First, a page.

Gerald Ritter

2022-01-28

Prove that $\frac{1+2\mathrm{sin}\theta \mathrm{cos}\theta }{{\mathrm{cos}}^{2}\theta -{\mathrm{sin}}^{2}\theta }=\frac{1+\mathrm{tan}\theta }{1-\mathrm{tan}\theta }$

Howard Gallagher

Expert

Note that
$1+2\mathrm{sin}\theta \mathrm{cos}\theta ={\mathrm{cos}}^{2}\theta +{\mathrm{sin}}^{2}\theta +2\mathrm{sin}\theta \mathrm{cos}\theta ={\left(\mathrm{cos}\theta +\mathrm{sin}\theta \right)}^{2}$
Therefore
$\frac{1+2\mathrm{sin}\theta \mathrm{cos}\theta }{{\mathrm{cos}}^{2}\theta -{\mathrm{sin}}^{2}\theta }=\frac{{\left(\mathrm{cos}\theta +\mathrm{sin}\theta \right)}^{2}}{\left(\mathrm{cos}\theta +\mathrm{sin}\theta \right)\left(\mathrm{cos}\theta -\mathrm{sin}\theta \right)}$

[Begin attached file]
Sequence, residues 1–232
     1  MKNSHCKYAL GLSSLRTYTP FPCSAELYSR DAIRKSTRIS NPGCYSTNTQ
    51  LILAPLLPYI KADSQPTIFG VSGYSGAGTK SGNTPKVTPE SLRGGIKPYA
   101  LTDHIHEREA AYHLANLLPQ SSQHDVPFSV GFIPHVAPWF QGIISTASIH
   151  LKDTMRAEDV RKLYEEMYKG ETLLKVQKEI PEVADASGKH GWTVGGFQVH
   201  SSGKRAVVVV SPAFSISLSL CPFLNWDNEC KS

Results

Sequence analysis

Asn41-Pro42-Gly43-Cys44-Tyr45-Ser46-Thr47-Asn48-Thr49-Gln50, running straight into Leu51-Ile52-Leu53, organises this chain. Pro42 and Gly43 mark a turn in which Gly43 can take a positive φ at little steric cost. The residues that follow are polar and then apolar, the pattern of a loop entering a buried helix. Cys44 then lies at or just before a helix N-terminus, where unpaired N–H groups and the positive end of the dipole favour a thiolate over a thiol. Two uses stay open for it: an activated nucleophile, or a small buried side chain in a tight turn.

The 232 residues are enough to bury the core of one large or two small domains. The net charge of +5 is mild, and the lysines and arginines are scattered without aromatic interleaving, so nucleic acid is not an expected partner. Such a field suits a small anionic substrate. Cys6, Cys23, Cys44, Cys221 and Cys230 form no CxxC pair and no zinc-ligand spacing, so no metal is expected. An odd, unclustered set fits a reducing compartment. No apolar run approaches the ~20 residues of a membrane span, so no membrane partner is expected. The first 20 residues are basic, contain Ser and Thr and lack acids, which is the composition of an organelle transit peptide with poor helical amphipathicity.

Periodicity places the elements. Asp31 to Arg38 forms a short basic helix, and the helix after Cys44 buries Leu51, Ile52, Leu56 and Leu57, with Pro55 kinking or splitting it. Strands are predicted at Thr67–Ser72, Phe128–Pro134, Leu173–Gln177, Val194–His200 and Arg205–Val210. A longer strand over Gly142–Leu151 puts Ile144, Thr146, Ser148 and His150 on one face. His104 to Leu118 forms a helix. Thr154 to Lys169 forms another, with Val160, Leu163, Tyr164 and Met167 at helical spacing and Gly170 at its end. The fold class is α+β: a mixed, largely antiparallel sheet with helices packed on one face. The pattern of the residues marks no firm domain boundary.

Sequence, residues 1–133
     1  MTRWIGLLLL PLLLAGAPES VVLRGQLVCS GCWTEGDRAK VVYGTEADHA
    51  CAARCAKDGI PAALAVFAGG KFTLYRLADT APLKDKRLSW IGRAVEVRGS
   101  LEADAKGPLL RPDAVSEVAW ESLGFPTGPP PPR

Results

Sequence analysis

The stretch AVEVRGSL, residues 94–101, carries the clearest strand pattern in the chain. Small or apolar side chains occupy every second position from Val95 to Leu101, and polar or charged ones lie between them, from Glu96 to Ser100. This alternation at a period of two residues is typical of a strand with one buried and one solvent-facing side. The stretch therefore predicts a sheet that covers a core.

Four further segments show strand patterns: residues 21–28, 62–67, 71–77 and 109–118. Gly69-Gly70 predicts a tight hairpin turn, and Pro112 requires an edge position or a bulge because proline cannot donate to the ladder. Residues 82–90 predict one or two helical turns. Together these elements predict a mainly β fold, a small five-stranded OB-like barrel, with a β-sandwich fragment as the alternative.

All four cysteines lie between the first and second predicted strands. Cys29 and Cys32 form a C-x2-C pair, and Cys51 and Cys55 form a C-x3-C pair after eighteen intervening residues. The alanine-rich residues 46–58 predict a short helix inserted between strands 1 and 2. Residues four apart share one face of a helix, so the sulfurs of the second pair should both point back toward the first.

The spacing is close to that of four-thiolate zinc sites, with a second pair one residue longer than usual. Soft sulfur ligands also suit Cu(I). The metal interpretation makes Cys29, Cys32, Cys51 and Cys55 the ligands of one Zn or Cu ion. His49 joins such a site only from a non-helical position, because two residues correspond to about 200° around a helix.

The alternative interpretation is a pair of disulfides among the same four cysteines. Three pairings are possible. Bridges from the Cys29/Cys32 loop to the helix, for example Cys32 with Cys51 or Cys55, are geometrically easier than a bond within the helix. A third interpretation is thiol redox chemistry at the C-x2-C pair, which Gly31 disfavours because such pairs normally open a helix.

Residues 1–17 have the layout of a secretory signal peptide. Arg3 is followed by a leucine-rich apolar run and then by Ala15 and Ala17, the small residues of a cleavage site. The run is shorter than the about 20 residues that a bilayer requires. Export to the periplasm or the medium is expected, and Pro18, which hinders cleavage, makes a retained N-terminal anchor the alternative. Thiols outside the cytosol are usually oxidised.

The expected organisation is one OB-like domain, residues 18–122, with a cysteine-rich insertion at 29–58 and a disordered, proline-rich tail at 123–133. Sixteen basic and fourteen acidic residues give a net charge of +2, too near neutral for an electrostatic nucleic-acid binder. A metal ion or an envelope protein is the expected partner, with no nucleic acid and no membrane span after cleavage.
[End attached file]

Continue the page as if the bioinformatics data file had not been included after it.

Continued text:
$=\frac{\mathrm{cos}\theta +\mathrm{sin}\theta }{\mathrm{cos}\theta -\mathrm{sin}\theta }$
$=\frac{\mathrm{cos}\theta \left(1+\mathrm{tan}\theta \right)}{\mathrm{cos}\theta \left(1-\mathrm{tan}\theta \right)}$
$=\frac{1+\mathrm{tan}\theta }{1-\mathrm{tan}\theta }$

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